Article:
Going back to the “sharia courts” story

Going back to the “sharia courts” story, which was first reported in a regional newspaper but has now hit the national newspapers, I missed a bit of the story which I have to say is troublesome:

No criminal matters can be considered by sharia arbitrators and no corporal punishment can be imposed. The tribunal can, however, adjudicate on cases of domestic violence – with a requirement to pass details to the police.

Arbitration is fine and perfectly legal in English law for civil matters.* But domestic violence is a criminal act. This adds confusion to some of the additional details being reported in The Times:

In the six cases of domestic violence, [Faiz-ul-Aqtab] Siddiqi said the judges ordered the husbands to take anger management classes and mentoring from community elders. There was no further punishment.

In each case, the women subsequently withdrew the complaints they had lodged with the police and the police stopped their investigations.

In the words of one former judge, what these sorts of religious arbitration panels “mustn’t do – and this must never happen – is to stray into the field of criminal matters”. The arbitration ‘judges’ (?!) should not be making any pronouncements, whatsoever, on a matter which is with the police. If the reports are true, then it is wholly irresponsible of them to have done so.

What is probably needed is an expert’s analysis on the line between a criminal matter (related to domestic violence) and marital issues under consideration by a Muslim arbitration tribunal, such as those reported by The Times (and repeated elsewhere). The erosion of this line is not, and should not, be considered acceptable. Further, as one legal scholar has argued, “the state should seek to apply all human rights and anti-discrimination legislation rigorously to avoid structural discrimination in the operation of these minority courts of arbitration”. Anything less would be an abdication of responsibility by the state.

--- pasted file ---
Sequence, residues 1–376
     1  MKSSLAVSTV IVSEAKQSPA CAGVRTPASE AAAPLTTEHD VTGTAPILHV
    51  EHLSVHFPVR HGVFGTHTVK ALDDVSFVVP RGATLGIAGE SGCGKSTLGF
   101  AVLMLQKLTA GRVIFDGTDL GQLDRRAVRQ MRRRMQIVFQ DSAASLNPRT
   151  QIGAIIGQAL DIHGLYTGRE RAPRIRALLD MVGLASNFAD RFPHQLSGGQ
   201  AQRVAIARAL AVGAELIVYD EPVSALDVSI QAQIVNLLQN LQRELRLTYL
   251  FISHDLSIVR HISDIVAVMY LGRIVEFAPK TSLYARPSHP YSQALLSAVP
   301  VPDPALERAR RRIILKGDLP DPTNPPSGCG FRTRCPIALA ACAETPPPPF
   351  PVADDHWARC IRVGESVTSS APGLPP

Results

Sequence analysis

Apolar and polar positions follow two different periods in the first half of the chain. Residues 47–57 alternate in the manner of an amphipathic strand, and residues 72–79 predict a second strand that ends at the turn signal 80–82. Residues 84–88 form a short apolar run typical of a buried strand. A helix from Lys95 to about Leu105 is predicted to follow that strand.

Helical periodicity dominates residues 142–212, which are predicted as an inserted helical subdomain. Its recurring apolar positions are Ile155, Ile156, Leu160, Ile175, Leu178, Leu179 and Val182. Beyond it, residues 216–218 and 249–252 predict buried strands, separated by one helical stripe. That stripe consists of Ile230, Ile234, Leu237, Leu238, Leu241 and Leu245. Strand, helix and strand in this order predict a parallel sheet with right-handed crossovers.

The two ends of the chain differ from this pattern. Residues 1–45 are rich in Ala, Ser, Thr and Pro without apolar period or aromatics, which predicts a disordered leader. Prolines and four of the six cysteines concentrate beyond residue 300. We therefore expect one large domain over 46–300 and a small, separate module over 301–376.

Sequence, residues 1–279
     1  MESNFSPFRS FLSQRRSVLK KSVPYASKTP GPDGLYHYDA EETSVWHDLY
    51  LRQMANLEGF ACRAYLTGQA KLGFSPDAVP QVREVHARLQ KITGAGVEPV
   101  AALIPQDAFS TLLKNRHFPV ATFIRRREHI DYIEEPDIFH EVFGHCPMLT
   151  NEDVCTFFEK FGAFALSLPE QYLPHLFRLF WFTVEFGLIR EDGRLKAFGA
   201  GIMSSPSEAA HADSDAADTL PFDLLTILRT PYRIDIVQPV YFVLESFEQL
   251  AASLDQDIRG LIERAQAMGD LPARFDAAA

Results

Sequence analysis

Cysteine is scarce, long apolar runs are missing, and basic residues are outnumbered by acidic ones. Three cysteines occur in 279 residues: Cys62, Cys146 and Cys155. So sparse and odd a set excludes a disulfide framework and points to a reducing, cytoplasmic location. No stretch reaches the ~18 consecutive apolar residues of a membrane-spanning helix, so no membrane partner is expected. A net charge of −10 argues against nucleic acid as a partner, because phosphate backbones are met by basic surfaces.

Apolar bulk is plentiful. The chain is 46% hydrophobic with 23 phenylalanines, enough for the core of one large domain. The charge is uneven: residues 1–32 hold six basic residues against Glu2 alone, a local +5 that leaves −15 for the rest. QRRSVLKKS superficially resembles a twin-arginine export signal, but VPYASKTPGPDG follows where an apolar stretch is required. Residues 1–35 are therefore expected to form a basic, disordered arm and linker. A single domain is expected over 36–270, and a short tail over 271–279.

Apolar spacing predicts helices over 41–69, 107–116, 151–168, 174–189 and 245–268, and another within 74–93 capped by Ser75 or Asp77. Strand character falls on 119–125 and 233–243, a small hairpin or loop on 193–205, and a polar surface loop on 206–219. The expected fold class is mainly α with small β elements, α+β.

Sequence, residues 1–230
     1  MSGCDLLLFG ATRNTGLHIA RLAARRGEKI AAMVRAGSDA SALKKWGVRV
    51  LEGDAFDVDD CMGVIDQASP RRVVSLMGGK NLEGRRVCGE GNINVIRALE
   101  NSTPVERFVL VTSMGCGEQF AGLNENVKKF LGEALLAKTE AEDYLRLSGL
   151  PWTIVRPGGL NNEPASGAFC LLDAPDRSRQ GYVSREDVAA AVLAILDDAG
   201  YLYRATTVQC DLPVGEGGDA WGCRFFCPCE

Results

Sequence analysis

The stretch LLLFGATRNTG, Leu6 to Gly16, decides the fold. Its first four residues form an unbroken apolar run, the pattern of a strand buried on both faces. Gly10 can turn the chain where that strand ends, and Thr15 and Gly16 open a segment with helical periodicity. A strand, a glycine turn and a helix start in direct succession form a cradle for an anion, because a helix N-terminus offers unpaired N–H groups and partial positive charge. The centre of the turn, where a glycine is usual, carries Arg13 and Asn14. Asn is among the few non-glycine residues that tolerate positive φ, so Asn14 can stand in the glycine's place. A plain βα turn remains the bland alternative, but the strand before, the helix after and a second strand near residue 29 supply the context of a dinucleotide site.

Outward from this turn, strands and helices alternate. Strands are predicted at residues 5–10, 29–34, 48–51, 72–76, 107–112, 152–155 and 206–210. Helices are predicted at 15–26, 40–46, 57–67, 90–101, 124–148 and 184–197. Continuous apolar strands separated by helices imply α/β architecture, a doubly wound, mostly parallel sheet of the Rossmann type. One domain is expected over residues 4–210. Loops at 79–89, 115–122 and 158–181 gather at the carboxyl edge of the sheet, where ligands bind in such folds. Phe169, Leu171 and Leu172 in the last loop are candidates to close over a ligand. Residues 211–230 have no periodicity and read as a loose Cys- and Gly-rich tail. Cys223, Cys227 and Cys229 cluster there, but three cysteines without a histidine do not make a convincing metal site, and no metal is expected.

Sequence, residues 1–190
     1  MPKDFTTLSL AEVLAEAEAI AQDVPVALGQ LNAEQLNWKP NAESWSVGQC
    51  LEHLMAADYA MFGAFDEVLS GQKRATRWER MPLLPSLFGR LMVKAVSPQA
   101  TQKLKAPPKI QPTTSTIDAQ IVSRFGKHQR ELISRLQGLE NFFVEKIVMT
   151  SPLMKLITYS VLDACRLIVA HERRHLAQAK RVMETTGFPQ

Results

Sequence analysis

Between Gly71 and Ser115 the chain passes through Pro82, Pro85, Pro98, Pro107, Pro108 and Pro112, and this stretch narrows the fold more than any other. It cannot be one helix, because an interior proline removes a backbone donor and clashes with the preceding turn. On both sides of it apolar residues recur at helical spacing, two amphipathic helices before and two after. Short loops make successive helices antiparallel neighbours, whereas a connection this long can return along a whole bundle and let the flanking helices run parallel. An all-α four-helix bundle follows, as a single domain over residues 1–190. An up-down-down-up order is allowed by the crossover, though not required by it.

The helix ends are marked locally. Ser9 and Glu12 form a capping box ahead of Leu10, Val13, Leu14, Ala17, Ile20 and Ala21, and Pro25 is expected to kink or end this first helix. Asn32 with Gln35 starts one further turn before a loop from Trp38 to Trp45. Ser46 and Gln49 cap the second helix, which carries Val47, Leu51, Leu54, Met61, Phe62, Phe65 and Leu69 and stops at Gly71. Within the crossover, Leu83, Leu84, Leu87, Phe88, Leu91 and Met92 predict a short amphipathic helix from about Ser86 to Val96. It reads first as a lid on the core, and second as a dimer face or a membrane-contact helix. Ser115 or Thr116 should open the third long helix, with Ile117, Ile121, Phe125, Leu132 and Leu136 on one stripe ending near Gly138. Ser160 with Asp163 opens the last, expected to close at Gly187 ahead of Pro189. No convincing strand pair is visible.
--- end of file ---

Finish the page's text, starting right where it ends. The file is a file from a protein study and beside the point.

Now that these “courts” (tribunals) are fully under way in a more formal and open manner, we can probably expect more stories to begin emerging in the press.

*I am sympathetic to talk of ‘community pressure’, but it is wrong to arbitrarily remove legal avenues simply for people whose views one may not agree with. If you don’t like the law, campaign for a change.